refers to the second-last returned result.)

    I took advantage here of a feature of maple, that each invocation of
    a procedure uses a -different- instance of the named local variables;
    thus even though the two 'main' have the same name, they are distinct
    variables:

    > x - x;

    0

    > gx := proc() local x;x end proc;

    gx := proc() local x; x end proc

    > gx() - gx();

    x - x

    Each gx() returns a distinct variable named 'x', so when the two
    are subtracted in maple, the result remains unevaluated rather than being 0.


    What does this have to do with C? Well when you said "or any other
    language for that matter", I mentioned maple as a counter-example
    and you specifically said "No" to that, so I show here that Yes,
    it really can happen in other languages, and that Yes, in other
    languages the different distinct functions with the same name need
    not have different function signatures.
    --
    "Walter is undoubtedly the country's and club's most popular player."
    -- vitalfootball.co.uk
    Walter Roberson, Apr 3, 2008
    #11
  12. mike-yue

    Ian Collins Guest

    jacob navia wrote:
    > Walter Roberson wrote:
    >> In article <ft36q8$v8k$>, jacob navia <>
    >> wrote:
    >>> mike-yue wrote:
    >>>> and, Is it possible to call one main function from another main
    >>>> function?

    >>
    >>> In general you can't have two functions with the same name in C
    >>> (or in any other language for that matter)

    >>
    >> There are a number of languages (such as maple) that make it trivial
    >> to have multiple functions with the same name.
    >>

    >
    > No, the signature of the functions must be different. THAT can't be
    > the case with "main"
    >

    int main(void)
    int main(int, char**)

    --
    Ian Collins.
    Ian Collins, Apr 3, 2008
    #12
  13. mike-yue

    Dann Corbit Guest

    "jacob navia" <> wrote in message
    news:ft39tj$b0o$...
    > Walter Roberson wrote:
    >> In article <ft36q8$v8k$>, jacob navia <>
    >> wrote:
    >>> mike-yue wrote:
    >>>> and, Is it possible to call one main function from another main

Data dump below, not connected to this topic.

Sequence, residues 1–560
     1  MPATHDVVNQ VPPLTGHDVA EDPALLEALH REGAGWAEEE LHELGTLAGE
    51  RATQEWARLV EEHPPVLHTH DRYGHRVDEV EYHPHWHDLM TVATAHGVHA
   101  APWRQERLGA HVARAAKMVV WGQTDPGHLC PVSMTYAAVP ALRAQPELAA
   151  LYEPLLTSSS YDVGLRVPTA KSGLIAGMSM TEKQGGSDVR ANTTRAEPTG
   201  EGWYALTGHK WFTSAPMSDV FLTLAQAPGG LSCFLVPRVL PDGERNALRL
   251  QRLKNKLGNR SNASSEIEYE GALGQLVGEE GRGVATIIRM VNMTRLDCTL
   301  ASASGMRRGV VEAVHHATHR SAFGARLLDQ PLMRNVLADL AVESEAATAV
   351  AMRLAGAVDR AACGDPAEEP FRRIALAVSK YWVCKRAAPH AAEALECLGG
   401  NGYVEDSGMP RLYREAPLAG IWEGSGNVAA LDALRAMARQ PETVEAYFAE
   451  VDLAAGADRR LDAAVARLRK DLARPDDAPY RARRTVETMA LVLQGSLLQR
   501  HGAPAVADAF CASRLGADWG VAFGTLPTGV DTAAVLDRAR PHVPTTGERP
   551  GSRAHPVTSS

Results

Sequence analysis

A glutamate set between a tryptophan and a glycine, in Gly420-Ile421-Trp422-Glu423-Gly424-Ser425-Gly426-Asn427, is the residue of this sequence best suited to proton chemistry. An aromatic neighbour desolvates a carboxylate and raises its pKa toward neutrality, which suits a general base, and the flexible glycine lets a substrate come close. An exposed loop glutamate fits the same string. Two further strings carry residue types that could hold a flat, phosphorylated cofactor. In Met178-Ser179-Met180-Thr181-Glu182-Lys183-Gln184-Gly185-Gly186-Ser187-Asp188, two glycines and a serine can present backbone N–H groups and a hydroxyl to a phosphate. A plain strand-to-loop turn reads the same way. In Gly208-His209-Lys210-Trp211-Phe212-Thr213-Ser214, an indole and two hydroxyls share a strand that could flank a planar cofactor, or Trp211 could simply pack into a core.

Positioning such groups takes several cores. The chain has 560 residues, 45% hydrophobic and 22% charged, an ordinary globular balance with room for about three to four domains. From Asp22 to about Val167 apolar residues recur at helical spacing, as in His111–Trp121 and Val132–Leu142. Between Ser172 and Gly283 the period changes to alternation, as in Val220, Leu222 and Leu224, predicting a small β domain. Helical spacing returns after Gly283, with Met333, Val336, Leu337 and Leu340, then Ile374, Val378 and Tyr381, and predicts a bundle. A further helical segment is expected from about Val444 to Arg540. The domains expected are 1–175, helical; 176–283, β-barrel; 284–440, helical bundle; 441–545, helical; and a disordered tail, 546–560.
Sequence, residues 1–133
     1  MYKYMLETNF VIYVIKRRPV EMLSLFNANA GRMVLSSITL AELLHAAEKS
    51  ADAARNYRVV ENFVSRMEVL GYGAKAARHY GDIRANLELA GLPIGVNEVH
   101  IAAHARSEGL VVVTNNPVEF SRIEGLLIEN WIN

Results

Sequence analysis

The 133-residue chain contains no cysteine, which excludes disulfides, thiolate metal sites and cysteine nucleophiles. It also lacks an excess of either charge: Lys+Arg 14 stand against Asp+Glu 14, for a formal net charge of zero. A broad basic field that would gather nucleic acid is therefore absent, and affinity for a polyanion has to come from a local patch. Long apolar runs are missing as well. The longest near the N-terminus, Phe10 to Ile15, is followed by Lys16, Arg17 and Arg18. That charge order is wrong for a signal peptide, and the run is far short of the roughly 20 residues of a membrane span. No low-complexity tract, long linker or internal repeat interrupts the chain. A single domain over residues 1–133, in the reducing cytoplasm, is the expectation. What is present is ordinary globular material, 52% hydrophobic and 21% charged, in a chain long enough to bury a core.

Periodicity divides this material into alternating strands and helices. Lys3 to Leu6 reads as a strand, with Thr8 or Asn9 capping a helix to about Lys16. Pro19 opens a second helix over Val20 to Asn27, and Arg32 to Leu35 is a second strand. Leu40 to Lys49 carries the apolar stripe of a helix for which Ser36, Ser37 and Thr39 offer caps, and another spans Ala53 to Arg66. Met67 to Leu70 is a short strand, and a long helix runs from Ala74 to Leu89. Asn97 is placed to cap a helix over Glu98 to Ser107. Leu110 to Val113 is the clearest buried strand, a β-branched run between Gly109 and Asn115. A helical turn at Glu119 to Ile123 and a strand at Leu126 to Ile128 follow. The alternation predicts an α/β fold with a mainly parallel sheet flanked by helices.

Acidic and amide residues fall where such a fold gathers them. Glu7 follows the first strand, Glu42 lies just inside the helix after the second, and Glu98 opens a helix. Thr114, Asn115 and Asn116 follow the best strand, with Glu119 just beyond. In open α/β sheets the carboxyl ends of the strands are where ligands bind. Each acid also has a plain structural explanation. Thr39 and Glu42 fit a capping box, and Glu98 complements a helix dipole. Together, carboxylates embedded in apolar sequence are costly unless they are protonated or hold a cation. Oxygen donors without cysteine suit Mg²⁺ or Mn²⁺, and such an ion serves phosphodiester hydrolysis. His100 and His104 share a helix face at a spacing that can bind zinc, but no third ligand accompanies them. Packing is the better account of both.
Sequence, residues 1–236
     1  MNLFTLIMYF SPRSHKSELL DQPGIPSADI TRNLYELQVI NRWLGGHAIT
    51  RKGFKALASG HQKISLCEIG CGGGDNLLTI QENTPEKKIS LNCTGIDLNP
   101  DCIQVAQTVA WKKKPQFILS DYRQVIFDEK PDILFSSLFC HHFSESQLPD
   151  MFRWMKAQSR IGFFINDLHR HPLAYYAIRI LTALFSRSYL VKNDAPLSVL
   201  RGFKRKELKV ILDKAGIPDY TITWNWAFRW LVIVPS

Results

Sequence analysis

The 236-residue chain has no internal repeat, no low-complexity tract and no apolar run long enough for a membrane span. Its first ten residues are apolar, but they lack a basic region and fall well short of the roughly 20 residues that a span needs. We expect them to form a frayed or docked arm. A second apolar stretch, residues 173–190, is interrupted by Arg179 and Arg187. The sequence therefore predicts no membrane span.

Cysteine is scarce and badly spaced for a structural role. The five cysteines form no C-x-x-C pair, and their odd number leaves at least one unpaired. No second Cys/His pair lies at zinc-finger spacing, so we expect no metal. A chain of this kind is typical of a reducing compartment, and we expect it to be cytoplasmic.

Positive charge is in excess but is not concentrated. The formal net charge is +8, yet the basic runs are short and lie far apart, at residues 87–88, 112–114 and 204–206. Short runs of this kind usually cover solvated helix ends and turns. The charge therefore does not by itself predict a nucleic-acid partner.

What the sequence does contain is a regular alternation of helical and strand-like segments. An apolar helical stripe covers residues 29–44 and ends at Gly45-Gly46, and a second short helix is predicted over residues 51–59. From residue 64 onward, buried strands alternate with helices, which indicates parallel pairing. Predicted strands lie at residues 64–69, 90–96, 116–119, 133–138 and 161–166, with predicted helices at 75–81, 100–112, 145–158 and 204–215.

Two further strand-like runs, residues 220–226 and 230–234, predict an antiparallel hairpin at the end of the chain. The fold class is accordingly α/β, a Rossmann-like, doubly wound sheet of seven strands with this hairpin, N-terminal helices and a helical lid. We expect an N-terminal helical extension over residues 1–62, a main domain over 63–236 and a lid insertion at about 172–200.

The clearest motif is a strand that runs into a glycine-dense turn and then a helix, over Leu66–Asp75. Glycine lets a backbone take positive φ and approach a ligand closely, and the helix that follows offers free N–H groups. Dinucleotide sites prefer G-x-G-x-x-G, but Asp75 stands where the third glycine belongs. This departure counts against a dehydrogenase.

>>>> function?

    >>
    >>> In general you can't have two functions with the same name in C
    >>> (or in any other language for that matter)

    >>
    >> There are a number of languages (such as maple) that make it trivial
    >> to have multiple functions with the same name.
    >>

    >
    > No, the signature of the functions must be different. THAT can't be
    > the case with "main"


    int main(void)
    {return 0;}

    int main(int argc, char **argv)
    {return 0;}

    >>
    >>> If you think about it

    >>
    >>> *HOW* would the program recognize which is which if they have the same
    >>> name?

    >>
    >> Scope.

    >
    > In that case yes.
    >
    >
    > --
    > jacob navia
    > jacob at jacob point remcomp point fr
    > logiciels/informatique
    > http://www.cs.virginia.edu/~lcc-win32




    --
    Posted via a free Usenet account from http://www.teranews.com
    Dann Corbit, Apr 3, 2008
    #13
  14. In article <>,
    Robbie Hatley <> wrote:

    >"mike-yue" wrote:


    >> Is it possible to call one main function from another main function?


    >No. Not in C. There must be exactly ONE main, with one of these two
    >signatures:


    > int main (void)
    > int main (int, char**)


    Citation?

    'main' is not in the C89 list of reserved identifiers, and the C89
    section 2.1.2.2.1 Program Startup has no obvious restriction against
    there being a different main that does not have external linkage.

    And in a freestanding environment 2.1.2.1 "the name and type of
    the function called at program startup are implementation-defined.
    There are otherwise no reserved external identifiers."
    --
    "The art of storytelling is reaching its end because the epic
    side of truth, wisdom, is dying out." -- Walter Benjamin
    Walter Roberson, Apr 3, 2008
    #14
  15. mike-yue <> writes:
    > and, Is it possible to call one main function from another main
    > function?


    It's best to put the entire question in the body of the article. Some